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Add emoji.

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Joshua Levy 4 years ago
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- **Thoughtful:** The goal is to be helpful rather than present dry facts. Thoughtful opinion with rationale is welcome. Suggestions, notes, and opinions based on real experience can be extremely valuable. (We believe this is both possible with a guide of this format, unlike in some [other venues](http://meta.stackexchange.com/questions/201994/is-there-a-place-to-ask-opinion-based-questions).)
- This guide is not sponsored by AWS or AWS-affiliated vendors. It is written by and for engineers who use AWS.
- Legend:
- 📒 Marks standard/official AWS pages and docs
- 🔹 Important or often overlooked tip
- 📒 Marks standard/official AWS pages and docs (suggestions for a better emoji welcome!)
- ❗ Gotcha or warning (where risks or time or resource costs are significant)
- 🔸 Limitation or quirk (where it’s not quite so bad)
- 🐥 Relatively new or immature services
@@ -701,7 +701,7 @@ ELBs
- **Best practices:** [This article](http://aws.amazon.com/articles/1636185810492479) is a must-read if you use ELBs heavily, and has a lot more detail.
- **Scaling:** ELBs can scale to very high throughput, but scaling up is not instantaneous. If you’re planning to be hit with a lot of traffic suddenly, it can make sense to load test them so they scale up in advance. You can also [contact Amazon](http://aws.amazon.com/articles/1636185810492479) and have them “pre-warm” the load balancer.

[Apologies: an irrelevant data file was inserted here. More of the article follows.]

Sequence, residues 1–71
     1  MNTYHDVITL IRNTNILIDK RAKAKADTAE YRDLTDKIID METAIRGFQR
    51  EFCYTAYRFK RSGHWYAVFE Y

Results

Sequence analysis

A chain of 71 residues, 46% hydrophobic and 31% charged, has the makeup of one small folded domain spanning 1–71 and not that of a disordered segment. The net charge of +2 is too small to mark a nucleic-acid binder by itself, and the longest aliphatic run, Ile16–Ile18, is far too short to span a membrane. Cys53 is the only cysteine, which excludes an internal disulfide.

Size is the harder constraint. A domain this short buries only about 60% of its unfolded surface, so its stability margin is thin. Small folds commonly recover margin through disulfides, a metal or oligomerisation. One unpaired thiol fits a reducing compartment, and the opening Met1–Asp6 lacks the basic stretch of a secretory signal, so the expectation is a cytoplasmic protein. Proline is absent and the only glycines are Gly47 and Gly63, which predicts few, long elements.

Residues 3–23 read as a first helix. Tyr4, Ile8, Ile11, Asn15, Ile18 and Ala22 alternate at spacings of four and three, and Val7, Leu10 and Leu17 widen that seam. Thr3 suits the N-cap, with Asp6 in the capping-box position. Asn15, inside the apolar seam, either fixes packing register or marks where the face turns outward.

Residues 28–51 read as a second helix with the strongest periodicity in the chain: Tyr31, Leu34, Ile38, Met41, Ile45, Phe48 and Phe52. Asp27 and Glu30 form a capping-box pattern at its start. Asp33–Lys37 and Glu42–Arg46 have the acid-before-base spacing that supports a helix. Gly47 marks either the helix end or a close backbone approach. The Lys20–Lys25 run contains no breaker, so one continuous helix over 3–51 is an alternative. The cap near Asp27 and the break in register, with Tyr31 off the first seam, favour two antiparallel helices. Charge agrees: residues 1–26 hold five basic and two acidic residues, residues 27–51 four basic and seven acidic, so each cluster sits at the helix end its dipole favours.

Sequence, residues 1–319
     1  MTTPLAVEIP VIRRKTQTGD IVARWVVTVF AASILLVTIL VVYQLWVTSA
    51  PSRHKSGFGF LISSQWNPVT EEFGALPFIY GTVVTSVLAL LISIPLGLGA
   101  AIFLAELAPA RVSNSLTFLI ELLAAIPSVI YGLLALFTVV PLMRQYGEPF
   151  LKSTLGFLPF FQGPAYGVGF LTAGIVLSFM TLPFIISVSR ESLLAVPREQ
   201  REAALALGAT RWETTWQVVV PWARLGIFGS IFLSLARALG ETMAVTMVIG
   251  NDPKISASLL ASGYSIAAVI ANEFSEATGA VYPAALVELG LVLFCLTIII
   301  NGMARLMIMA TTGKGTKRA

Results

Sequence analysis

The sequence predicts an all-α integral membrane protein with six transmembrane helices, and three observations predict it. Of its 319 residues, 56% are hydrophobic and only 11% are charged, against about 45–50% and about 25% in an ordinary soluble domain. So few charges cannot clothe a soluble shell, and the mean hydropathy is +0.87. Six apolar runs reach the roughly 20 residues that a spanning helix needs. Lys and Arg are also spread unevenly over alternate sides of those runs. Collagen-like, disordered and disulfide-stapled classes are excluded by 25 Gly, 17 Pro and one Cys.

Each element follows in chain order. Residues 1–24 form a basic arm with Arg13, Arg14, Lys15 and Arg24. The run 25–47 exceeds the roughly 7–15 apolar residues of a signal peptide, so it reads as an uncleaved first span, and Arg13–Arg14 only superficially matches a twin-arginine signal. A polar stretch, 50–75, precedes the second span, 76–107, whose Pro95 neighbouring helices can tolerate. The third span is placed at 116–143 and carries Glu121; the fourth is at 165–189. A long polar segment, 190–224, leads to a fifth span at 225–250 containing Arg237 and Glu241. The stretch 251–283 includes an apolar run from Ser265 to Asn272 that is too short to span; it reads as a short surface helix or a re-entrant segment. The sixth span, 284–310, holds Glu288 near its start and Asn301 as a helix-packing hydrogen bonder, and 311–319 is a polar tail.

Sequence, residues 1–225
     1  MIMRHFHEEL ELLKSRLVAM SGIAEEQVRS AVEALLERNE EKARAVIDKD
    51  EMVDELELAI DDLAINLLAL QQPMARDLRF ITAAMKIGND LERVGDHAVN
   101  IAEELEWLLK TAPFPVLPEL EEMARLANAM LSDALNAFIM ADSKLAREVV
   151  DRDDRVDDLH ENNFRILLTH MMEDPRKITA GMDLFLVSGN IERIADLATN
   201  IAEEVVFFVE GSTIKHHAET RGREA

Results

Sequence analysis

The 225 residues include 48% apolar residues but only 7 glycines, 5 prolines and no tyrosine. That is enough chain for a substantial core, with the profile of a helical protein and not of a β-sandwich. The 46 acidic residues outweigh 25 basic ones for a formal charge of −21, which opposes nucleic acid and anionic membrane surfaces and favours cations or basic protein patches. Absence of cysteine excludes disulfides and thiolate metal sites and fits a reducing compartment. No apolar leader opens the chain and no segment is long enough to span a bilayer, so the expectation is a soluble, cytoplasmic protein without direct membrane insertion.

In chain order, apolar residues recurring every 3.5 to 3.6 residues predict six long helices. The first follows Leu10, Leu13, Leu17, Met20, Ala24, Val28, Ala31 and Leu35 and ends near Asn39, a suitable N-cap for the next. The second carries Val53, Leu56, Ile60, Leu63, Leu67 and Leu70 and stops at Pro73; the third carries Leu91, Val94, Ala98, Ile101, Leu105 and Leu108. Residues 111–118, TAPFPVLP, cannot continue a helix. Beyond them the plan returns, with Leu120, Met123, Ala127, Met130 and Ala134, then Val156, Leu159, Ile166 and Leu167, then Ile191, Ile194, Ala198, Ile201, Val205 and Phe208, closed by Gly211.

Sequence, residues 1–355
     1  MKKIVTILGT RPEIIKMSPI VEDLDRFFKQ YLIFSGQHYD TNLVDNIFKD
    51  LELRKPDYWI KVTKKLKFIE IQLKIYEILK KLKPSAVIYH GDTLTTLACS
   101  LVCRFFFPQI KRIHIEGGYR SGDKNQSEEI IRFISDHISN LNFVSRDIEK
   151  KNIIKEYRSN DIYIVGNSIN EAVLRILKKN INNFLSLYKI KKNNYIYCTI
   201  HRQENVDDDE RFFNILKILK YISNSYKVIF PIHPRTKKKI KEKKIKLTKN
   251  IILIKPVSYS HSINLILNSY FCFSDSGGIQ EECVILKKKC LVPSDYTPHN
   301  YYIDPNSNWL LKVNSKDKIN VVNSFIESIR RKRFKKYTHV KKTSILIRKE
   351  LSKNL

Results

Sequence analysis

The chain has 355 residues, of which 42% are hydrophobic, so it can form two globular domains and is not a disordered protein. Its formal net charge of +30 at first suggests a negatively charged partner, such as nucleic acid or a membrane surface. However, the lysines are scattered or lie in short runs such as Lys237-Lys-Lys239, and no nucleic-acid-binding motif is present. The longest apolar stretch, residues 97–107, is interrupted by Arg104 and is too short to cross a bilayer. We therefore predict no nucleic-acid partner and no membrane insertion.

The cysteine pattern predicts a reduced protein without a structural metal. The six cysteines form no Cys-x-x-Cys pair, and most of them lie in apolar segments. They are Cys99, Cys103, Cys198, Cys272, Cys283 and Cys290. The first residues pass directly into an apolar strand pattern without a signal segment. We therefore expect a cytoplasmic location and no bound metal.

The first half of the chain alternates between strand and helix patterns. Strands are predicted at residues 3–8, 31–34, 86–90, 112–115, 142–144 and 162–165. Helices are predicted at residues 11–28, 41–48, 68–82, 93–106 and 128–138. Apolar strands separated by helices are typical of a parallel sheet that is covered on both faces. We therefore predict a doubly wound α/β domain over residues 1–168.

- **Client IPs:** In general, if servers want to know true client IP addresses, load balancers must forward this information somehow. ELBs add the standard [X-Forwarded-For](https://en.wikipedia.org/wiki/X-Forwarded-For) header. When using an ELB as an HTTP load balancer, it’s possible to get the client’s IP address from this.
- **Classic and new Application Load Balancer**:
- 🐥**Classic and new Application Load Balancer**:
- The traditional HTTP/1 ELB features are now called the [Classic Load Balancer](https://aws.amazon.com/elasticloadbalancing/classicloadbalancer/). The revised ELB for use with modern web applications is called the [**Application Load Balancer**](https://aws.amazon.com/elasticloadbalancing/applicationloadbalancer/).
- **Websockets and HTTP/2** are [now supported](https://aws.amazon.com/blogs/aws/new-aws-application-load-balancer/). This Application Load Balancer feature is new as of August 2016, so may not be mature yet.
- Prior to the Application Load Balancer, you were advised to use TCP instead of HTTP as the protocol to make it work (as described [here](http://www.quora.com/When-will-Amazon-ELB-offer-SPDY-support)) and use [the obscure but useful Proxy Protocol](http://docs.aws.amazon.com/ElasticLoadBalancing/latest/DeveloperGuide/enable-proxy-protocol.html) ([more on this](https://chrislea.com/2014/03/20/using-proxy-protocol-nginx/)) to pass client IPs over a TCP load balancer.

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